The election in Iran was pitched as reformer against hardliner, the future against the past. Although little might have changed if the "reformer" Mir Hossein Mousavi defeated "hardliner" Mahmoud Ahmadinejad, so much could have changed.
The presidency of Iran isn't as powerful as many think, with ultimate power being held by Supreme Leader Ayatollah Ali Khamenei. The cleric holds power to overrule the president whenever he sees fit, and to guide him to the policies Khamenei deems important. Still, the president of Iran holds a big spot on the world stage, and has power to address issues, as long as he remains in context with the clerics.
But with the results of the presidential election looking very suspect and the people hitting the streets in protests, at least a chance of a re-vote exists. The decision may come as soon as Friday. If that happens, or even if a lesser accommodation is made, the point is clear. The clerics who have long dominated Iranian politics have to address change.
The majority of Iranians don't want to fall into the mold made for them by FOX News and conservatives in America. They don't want to be political pariahs. They want to engage the west, especially America. And they are willing to take to the streets to keep away from that. They want change at home too, like more equality for women.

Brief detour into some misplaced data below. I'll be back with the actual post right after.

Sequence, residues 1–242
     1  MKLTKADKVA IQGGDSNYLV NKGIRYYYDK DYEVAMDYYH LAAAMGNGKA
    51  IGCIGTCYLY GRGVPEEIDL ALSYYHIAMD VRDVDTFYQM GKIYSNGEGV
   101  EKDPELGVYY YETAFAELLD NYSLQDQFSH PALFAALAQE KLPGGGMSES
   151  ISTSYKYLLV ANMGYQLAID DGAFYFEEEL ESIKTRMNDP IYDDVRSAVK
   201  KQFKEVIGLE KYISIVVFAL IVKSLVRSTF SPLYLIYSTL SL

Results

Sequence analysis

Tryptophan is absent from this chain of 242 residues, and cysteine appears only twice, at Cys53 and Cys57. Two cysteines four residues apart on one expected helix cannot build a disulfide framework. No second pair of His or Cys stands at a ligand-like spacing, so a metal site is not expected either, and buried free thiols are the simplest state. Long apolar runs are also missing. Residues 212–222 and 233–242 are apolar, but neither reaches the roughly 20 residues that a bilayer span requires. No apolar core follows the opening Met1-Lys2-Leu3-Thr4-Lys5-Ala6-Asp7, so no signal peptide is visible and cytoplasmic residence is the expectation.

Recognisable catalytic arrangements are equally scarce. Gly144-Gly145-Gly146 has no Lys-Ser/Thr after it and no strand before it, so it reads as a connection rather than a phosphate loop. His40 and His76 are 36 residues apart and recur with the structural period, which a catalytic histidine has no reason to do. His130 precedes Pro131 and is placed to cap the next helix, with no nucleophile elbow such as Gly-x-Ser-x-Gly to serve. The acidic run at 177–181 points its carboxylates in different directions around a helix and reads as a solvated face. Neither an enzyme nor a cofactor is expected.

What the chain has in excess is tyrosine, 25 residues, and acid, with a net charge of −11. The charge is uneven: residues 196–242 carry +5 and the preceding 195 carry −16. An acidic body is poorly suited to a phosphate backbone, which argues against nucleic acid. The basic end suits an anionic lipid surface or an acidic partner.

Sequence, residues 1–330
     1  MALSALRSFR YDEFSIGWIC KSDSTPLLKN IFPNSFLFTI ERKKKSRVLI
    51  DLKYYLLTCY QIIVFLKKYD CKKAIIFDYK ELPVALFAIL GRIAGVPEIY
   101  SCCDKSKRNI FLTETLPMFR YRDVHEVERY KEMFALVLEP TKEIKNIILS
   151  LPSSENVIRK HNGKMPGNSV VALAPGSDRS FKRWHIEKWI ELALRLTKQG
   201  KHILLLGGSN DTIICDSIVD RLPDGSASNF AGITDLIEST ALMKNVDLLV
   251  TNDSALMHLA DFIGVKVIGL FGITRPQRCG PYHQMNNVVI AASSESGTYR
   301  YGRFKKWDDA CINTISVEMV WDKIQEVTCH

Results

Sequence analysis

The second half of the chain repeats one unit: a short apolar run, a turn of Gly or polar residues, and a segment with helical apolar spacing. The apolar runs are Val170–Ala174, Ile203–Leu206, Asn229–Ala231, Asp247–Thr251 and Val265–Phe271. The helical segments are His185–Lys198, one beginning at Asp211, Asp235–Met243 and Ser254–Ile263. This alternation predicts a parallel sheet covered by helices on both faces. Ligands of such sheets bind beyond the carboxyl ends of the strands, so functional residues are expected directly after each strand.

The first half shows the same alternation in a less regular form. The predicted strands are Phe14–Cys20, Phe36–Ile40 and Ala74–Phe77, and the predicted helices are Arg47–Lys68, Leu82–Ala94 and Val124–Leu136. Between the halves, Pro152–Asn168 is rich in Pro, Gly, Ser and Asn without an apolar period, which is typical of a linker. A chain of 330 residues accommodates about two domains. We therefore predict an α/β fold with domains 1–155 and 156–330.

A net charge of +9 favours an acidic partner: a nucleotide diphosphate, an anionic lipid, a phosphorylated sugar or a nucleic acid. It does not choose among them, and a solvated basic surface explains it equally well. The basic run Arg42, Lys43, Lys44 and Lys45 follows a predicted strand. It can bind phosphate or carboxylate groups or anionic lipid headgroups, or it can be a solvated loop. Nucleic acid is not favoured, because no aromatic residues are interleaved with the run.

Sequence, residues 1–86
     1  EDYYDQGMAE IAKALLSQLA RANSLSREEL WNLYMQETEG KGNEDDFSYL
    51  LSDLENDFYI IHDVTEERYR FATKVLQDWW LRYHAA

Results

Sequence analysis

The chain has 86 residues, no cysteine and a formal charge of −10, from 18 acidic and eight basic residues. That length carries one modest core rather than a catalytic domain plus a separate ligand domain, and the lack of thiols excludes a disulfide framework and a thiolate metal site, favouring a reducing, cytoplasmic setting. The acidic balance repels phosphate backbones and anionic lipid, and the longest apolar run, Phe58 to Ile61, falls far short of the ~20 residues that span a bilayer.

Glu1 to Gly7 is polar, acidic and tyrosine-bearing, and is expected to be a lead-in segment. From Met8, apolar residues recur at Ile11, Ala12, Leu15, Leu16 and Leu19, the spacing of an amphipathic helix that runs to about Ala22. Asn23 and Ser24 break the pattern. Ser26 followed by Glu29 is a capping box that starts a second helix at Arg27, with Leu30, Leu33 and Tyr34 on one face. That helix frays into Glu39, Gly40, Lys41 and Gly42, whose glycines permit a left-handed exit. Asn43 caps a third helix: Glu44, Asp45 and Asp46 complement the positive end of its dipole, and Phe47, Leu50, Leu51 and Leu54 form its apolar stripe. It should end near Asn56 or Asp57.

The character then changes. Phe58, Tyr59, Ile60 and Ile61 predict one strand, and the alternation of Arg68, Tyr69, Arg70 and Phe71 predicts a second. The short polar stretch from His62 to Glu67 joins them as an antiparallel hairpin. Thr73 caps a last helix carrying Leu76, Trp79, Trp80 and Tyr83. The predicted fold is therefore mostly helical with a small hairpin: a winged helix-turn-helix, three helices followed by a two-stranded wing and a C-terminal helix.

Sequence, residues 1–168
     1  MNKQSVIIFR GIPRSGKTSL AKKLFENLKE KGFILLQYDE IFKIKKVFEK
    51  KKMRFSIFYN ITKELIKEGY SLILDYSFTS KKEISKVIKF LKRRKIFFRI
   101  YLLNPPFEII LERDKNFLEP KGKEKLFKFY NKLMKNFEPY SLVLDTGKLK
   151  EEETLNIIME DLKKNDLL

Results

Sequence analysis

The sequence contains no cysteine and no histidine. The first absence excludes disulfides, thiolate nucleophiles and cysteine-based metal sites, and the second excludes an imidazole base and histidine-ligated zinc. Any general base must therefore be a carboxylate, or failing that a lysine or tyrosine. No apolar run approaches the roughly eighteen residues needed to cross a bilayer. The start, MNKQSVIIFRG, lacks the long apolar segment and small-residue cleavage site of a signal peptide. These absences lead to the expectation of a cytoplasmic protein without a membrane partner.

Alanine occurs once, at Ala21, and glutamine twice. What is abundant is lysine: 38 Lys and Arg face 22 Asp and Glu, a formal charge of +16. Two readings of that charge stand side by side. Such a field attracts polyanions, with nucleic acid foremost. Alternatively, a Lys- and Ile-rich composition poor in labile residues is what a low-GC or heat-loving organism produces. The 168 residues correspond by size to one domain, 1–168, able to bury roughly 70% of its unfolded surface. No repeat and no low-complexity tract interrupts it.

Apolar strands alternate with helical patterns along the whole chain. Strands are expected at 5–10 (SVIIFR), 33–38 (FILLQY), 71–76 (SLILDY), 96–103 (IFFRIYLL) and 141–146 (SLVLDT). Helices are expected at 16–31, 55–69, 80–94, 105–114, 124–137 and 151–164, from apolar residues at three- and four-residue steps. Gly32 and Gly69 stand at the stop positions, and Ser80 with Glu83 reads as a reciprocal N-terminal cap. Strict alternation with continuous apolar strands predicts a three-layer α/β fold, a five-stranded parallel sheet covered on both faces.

Will they get what they want? Probably not right away, but big steps have been taken. And the Iranian people join the ranks of other birthing democracy movements like the Orange Revolution in Ukraine in showing the power of people in mass.
It's a lesson we here in America need to re-learn. The power of protest ended the Vietnam War. The power of protest propelled the civil rights movement. The power of protest gave us labor laws, gave women the right to vote, and ended slavery. It can bring change again.
We have it easy here – with some notable exceptions, protesters in America aren't in danger of losing life and limb these days. We can march and then go home at night in relative safety. The Iranians hitting the streets have more in common with civil rights marchers in the 60s then with the challenges America faces today. So I have to ask – where are America's protesters?
Sure, we have the tea bag movement, but it's ill-defined and even less informed. We had marches against the war in Iraq, but not big enough. What would have happened if millions of Americans would have been out in the streets for days after George Bush was allowed to steal the presidency in 2000? What if America (or at least Florida) was forced into a new vote? How much damage to the country could have been avoided?
Or what about health care? Polls show a big majority of Americans favor single payer health care, and even more favor at least a public option. Still, big money interests are dimming the chances of passage. How broken does the system have to get before enough Americans are enraged?
We could learn from the Iranians. And others around the world. France is a country with a grand history of protest. Sometimes over issues far more trivial than health care or stolen elections.